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It has been long understood that a nation of stakeholders makes for a strong union, and for that reason, closing the minority homeownership gap has been a goal and a topic of discussion for decades. However, despite a lot of talk and a modest amount of action, the homeownership gap for Black and Latino communities has remained stubbornly large. Homeownership percentages only increase when a large number of first-time buyers enter the market. This is not an easy problem to solve. It’s time to recognize that closing the minority homeownership gap won’t come without a ton of fresh capital and some serious discomfort for the industry and policymakers in the coming years. Below is what I think is required to make a quantum leap forward.
The lack of inventory has driven price points to record highs in almost every major market in the country. Basic supply and demand principles require a substantial increase in affordable housing stock to improve affordability, especially for first-time buyers. The fixed costs associated with building an entry-level home are fundamentally the same as they are for a luxury home. A coordinated effort between federal and local policymakers is necessary to address the substantial barriers that are preventing the creation of the housing stock required to meet the growing demand.
Purchasing a home is the largest and most complicated financial transaction most people will ever experience. Many minority first-time buyers are the first in their entire family to own a home. Language barriers and a lack of information about the process makes the entire ordeal even more intimidating. Access to housing counseling is not a “nice-to-have,” it is a “must-have” for most minority buyers. I also believe financial and homebuyer education should be taught in public schools. In terms of preparing our youth for life in the real world, I can’t think of many things that are more important.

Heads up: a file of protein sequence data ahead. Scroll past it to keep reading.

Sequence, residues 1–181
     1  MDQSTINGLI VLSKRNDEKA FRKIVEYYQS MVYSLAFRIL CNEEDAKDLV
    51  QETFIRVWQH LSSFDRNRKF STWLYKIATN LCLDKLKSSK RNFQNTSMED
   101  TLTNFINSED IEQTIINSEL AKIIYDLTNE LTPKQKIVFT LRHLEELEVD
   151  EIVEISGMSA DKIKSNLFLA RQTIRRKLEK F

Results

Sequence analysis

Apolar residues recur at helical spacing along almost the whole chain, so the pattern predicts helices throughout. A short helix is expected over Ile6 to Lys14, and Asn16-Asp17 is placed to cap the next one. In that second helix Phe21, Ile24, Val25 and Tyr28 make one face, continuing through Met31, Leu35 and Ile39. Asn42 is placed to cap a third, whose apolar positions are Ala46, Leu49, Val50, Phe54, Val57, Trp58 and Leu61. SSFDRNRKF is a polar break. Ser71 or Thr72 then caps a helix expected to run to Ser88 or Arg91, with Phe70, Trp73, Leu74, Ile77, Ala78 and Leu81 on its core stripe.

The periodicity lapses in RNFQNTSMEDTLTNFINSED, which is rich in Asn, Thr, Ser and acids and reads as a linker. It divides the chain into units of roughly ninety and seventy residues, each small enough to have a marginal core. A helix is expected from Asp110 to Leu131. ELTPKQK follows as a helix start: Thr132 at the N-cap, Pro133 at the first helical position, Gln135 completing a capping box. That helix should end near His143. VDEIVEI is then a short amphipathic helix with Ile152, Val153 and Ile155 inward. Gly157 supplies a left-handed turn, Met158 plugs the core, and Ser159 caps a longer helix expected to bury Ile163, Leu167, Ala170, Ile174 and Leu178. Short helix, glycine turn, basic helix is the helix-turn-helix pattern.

Access to Capital
Without generational wealth, most first-time buyers will require a low down payment mortgage to purchase their first home. While low down payment loan programs are available, most come with what I call a “poor tax.” Lenders charge higher interest rates and fees for loans they deem as riskier. Unfortunately, those surcharges known as risk-based pricing are typically imposed on minorities and the people who can least afford them. Additionally, Latinos and immigrants are almost twice as likely to own a small business, which is great, except when trying to qualify for a mortgage where self-employed borrowers are far more likely to be turned down. Lenders need to utilize new metrics for self-employed borrowers, and the industry needs to stop the counterproductive practice of up-charging low- and moderate-income homebuyers.
To say that the real estate and mortgage industries lack diversity might be the understatement of the century. This is more than a problem, it’s a crisis. You can fit the number of legitimate Black and Latino executives in the industry in a small room. If you remove D&I executives, you might fit them in a phone booth. Occasionally companies will ask my advice around how they can improve diversity in their companies, and I tell them they need to start with operations and their senior management. Diverse executives will attract diverse operations personnel and diverse operations will attract a diverse sales team. It’s not rocket science, but change is hard and it won’t happen without pain. I also believe we need to see more minority-led companies in the industry: brokerages, mortgage bankers, builders, and other businesses in the housing ecosystem…And not just mom and pop shops, large well-capitalized businesses that have scale and influence.
Closing the minority homeownership gap is the first step in closing the even larger wealth gap in America. We already know this won’t be easy, but there is a lot at stake. With massive demographic changes happening everywhere, America’s leadership in the global economy depends on the economic well-being of our minority communities.